Activities as a Student:
I was involved in quite a bit of research as an undergraduate student, serving both as a research assistant in the Ecological Neuroscience Laboratory (under Dr. Stephanie Preston) and a lab manager for the Lab for Computational Cognitive Science (under Dr. Rick Lewis).
Since graduating from U-M:
After graduating, I spent two years working as a lab manager for the Social and Affective Neuroscience Laboratory at Brown University (under Dr. Oriel FeldmanHall). Here, I worked on questions pertaining to perceptions of emotions and the role of emotions in decision-making. After this, I became a quantitative user experience research contractor at Google, looking at how various sentiments relate to perceptions of security. I've also started a lifelong dream of learning how to surf!
Career and other highlights that you're most passionate about or proud of:
Some highlights of my work are still in the process of being materialized in the form of publications or product-changes, but I am proud of the work nonetheless. I'm passionate about asking about people first and methodology second, and I'm grateful that a majority of my work has been inline with that pattern, whether it be the role of emotion in pro-environmental behavior or how the presence of a group affects charitable donations.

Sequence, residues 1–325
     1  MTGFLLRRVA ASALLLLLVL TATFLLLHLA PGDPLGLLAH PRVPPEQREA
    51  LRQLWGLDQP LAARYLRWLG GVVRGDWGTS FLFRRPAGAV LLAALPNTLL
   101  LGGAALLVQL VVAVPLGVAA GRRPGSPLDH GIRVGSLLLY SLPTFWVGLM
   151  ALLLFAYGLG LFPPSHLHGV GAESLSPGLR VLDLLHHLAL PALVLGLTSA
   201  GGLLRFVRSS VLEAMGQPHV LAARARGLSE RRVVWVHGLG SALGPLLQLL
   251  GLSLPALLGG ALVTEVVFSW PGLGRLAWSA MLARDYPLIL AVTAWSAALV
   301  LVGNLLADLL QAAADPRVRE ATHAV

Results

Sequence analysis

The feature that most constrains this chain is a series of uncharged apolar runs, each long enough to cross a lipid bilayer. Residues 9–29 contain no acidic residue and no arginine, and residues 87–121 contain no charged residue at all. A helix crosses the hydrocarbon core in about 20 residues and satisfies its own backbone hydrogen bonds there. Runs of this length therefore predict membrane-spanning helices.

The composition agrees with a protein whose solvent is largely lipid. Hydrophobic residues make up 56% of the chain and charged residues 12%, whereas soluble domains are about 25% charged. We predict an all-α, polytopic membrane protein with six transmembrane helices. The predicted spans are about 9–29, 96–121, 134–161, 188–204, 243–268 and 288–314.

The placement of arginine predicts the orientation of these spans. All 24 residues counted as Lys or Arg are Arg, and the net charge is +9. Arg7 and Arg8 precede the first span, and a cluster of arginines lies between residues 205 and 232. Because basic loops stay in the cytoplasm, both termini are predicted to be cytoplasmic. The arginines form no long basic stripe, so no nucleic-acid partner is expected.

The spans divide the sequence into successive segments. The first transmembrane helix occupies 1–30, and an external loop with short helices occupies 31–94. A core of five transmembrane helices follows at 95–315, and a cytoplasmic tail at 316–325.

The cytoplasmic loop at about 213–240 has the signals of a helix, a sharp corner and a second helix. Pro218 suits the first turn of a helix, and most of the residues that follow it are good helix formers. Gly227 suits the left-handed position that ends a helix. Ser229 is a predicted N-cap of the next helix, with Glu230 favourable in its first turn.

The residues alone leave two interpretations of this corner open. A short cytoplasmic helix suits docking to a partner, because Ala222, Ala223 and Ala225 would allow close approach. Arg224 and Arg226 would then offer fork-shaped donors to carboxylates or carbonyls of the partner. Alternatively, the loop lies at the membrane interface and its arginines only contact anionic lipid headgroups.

How has your U-M Cognitive Science degree influenced your career path?
The Cognitive Science degree afforded me the opportunity to analyze what really underlies human behavior, and I hope to continue on a path that does just the same. Not only are the skills I learned throughout my coursework broadly transferable, but the mindset and approach of the institute has allowed me to excel and adapt quickly to new challenges and new industries. Looking beyond the topic itself, a core tenant of the degree is thinking interdisciplinarily, and I've found that interdisciplinary thinking drives new collaboration and innovation. Using this as a cornerstone of my work has given me confidence to pursue questions and topics that I might not be an expert in, but to which I can gladly contribute.